Confirmation from Seattle Times that parents are in solidarity with teachers and students:
On Tuesday, only 97 of the roughly 400 ninth-graders who were supposed to take the MAP reading test did so, said Garfield Principal Ted Howard. The other 300, he said, had their parents’ permission to be excused.
Something else from this article bears serious consideration.
Banda said many teachers and parents have told him the MAP is a useful tool.
“Regardless of whether we think testing is good or bad, it’s really about the children and making sure we are able to identify any potential gaps in their learning,” he said.
Superintendent Banda didn’t mean to, but he got at the heart of the problem with the MAP test. It is a useful tool for some, that’s true. But is it “really about the children”?
For some, yes. But for policy-makers, no. On a district-wide and state-wide level, it’s being misused:
- Test scores are being used as part of teacher evaluations – in some states, it makes up as much as half the teacher’s evaluation. This despite there is no evidence that student standardized test scores measure a teacher’s performance and plenty of evidence that such use is arbitrary.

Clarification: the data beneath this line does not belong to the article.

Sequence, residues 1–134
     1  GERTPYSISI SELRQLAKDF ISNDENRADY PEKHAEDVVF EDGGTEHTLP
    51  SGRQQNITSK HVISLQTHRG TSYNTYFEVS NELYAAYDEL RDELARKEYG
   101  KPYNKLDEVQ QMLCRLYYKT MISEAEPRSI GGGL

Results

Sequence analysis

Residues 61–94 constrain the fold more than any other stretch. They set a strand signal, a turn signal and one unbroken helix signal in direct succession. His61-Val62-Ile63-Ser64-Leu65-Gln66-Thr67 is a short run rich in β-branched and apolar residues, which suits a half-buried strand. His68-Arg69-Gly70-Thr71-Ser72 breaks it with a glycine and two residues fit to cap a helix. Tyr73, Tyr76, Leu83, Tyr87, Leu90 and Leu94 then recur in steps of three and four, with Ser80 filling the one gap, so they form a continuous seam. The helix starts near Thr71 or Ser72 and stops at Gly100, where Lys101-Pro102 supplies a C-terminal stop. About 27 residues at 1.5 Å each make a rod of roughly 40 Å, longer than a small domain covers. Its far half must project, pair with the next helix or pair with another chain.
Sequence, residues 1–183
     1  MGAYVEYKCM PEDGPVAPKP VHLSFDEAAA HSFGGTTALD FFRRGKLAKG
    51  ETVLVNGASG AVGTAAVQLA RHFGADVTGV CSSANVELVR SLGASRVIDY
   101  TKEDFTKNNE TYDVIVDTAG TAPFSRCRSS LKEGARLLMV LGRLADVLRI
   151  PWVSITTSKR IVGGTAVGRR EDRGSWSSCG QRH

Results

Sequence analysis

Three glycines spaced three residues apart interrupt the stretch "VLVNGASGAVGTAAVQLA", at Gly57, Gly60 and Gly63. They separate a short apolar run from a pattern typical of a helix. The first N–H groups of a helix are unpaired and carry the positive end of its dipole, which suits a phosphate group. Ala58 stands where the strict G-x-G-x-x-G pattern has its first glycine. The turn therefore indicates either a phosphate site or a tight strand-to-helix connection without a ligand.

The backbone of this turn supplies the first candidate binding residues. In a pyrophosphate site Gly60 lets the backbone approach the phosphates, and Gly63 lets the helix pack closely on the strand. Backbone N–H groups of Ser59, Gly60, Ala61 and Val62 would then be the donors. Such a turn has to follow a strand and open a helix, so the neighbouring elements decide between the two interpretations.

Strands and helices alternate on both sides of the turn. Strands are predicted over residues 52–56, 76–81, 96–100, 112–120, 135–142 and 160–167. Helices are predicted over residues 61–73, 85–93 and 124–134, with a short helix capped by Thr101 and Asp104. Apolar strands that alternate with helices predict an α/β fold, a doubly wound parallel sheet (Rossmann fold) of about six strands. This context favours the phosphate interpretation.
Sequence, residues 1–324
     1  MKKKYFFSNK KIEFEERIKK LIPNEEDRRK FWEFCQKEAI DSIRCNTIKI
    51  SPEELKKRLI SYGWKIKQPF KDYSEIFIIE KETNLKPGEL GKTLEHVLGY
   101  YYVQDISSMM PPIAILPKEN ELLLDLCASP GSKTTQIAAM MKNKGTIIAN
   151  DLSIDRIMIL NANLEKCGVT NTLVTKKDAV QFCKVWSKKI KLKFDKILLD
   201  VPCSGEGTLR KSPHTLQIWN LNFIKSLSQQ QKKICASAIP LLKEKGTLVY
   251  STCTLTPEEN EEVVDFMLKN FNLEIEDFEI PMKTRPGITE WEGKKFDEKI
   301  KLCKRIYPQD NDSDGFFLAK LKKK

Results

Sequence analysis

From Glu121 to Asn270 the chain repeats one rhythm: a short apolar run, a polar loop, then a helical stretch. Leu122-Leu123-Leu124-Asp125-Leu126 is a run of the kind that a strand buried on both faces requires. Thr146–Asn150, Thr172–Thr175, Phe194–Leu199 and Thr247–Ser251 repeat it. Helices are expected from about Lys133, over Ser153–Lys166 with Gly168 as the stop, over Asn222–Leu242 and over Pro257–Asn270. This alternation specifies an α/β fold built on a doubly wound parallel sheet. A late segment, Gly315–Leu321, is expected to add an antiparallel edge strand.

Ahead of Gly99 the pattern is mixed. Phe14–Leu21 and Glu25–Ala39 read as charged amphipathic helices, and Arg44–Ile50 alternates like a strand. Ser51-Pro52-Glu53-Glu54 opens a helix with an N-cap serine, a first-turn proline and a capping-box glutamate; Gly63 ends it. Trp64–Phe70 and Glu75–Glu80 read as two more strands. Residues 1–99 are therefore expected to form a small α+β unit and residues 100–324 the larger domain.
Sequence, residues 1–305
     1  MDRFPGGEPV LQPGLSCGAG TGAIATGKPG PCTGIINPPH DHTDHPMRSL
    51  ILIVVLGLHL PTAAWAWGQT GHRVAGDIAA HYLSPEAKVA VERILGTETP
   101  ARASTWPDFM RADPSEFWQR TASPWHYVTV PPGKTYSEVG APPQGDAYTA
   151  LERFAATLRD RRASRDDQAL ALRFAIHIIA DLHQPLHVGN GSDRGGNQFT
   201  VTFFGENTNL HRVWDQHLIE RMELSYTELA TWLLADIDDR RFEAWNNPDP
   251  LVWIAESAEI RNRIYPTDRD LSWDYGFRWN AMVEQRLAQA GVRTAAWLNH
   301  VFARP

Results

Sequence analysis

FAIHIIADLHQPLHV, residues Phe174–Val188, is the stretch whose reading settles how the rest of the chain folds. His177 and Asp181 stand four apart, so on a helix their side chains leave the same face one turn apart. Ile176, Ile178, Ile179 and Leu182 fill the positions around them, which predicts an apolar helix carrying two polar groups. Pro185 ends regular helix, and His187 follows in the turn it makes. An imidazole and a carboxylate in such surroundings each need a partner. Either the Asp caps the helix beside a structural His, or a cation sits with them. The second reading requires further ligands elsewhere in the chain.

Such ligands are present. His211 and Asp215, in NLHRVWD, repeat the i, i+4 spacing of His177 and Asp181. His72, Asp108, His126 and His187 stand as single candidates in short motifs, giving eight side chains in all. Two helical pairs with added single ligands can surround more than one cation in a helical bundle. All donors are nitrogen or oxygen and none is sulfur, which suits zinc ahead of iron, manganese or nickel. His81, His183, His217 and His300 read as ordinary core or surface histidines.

- Test scores are being used to classify students into “normal learners,” “advanced learners,” and “kids who need special services.” It could be a useful tool if a human being had authority over how to interpret and use the results, but policies are in place that withhold that authority.
- Test scores are being used to bar students from graduation.
- Test scores are being used to grade schools with letter grades, as if such a thing made any sense.
- And test scores are being collected and stored in a national database, along with various other information about the students – race, ethnicity, income level, dental records, you name it. It’s being kept for long-term use. Can you give me a guarantee that when my kids reach the workforce, that data won’t be in the hands of prospective employers? Hmm???
It’s not about the children. It’s about top-down control of our schools, teachers, and students.
Make the test about the children, Mr. Banda, and I’ll let you give it to my kids.
Till then, I’m opting out.